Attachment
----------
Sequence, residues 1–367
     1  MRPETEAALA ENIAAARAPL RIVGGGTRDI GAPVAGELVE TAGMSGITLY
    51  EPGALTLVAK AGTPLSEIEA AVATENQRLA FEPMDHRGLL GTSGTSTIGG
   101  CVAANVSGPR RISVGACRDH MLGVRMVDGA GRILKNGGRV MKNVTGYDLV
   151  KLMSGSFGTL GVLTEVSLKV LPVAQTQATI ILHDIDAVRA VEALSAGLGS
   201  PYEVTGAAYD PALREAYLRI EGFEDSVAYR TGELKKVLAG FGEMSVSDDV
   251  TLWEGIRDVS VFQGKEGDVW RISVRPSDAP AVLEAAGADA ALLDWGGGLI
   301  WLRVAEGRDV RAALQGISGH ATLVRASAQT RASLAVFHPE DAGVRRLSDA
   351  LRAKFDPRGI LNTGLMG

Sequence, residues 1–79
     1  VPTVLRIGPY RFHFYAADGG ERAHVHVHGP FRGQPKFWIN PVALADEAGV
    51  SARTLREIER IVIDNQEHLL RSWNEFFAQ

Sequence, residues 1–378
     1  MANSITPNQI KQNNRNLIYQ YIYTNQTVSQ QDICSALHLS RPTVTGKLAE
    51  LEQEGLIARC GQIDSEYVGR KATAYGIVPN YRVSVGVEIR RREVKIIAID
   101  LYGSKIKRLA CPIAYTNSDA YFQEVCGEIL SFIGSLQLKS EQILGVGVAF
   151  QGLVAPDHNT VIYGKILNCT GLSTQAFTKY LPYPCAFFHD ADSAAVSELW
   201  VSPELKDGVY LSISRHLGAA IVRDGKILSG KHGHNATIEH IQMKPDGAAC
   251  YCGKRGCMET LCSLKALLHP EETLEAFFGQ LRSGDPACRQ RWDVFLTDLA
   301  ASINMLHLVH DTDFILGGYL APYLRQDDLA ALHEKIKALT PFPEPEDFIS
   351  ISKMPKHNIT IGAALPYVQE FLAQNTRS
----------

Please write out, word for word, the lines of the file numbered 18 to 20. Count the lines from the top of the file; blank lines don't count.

   201  VSPELKDGVY LSISRHLGAA IVRDGKILSG KHGHNATIEH IQMKPDGAAC
   251  YCGKRGCMET LCSLKALLHP EETLEAFFGQ LRSGDPACRQ RWDVFLTDLA
   301  ASINMLHLVH DTDFILGGYL APYLRQDDLA ALHEKIKALT PFPEPEDFIS